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Professor Alan Champneys


Nonlinear dynamics and chaos and its application, particularly to engineering systems. Bifurcation theory, i.e. understanding abrupt changes from regular to complex dynamics. Application to rotor dynamics, aircraft bridges, flow-induced oscillation, parametric resonance in general including stabilisation 'upside down'. The theory of how continuous enterties give rise to localised response. For example, solitary waves, localised buckling patterns and 'kinks' or dislocations in atomic lattices. A unifying mathematical description of such phenomena, and dedicated computational techniques. Solitary waves in nonlinear optics. Localised pulses of light, so-called 'light bullets'. The mechanics of rods, such as helical buckling of cables, pipelines and DNA strands. Dynamics of piecewise systems, such as impacts, switches and backlash.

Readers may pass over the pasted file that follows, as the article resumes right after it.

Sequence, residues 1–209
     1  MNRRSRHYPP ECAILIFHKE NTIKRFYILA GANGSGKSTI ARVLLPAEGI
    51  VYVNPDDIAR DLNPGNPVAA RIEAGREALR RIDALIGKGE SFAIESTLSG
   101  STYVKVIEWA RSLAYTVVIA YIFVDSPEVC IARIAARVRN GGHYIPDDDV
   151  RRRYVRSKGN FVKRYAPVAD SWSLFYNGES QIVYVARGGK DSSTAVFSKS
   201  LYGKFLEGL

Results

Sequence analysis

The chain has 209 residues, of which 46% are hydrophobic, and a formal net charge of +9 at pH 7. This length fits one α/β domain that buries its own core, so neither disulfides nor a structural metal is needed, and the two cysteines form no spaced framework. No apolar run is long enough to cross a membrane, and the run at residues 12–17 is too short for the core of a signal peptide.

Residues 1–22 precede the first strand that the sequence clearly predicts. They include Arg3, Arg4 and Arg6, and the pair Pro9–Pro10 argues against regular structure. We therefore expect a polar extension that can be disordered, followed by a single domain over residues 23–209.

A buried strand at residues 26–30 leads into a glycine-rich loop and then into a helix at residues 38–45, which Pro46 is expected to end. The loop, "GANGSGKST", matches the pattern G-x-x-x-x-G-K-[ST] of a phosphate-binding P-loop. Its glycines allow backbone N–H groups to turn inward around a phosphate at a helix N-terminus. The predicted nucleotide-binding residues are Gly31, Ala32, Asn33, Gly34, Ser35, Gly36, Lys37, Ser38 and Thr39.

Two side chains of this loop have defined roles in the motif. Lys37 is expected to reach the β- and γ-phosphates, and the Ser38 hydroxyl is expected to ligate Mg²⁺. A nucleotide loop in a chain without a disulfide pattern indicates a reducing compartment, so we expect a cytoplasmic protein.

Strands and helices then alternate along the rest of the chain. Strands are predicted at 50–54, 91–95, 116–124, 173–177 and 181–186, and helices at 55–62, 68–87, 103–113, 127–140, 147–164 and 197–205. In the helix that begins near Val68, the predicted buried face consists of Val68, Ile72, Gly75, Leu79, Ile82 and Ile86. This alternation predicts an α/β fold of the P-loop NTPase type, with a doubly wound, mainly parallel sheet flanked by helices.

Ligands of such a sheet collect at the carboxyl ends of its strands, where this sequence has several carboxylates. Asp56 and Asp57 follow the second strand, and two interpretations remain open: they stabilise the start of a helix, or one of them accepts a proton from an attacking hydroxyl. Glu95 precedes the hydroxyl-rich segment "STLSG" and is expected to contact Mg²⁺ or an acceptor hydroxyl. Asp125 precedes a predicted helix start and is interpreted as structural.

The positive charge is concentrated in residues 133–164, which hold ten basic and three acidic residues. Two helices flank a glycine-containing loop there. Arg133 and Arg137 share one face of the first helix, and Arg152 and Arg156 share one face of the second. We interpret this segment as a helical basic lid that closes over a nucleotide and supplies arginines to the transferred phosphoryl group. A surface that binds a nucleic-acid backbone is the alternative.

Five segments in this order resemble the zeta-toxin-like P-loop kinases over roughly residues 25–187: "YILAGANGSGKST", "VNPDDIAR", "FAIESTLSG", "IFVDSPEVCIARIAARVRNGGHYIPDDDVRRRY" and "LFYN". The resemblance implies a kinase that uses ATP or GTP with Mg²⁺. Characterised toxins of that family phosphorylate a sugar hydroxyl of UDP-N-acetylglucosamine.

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Key words

  • chaos
  • resonance
  • localisation
  • nonlinear dynamics
  • solitary wave
  • dynamics of impact
  • engineering instability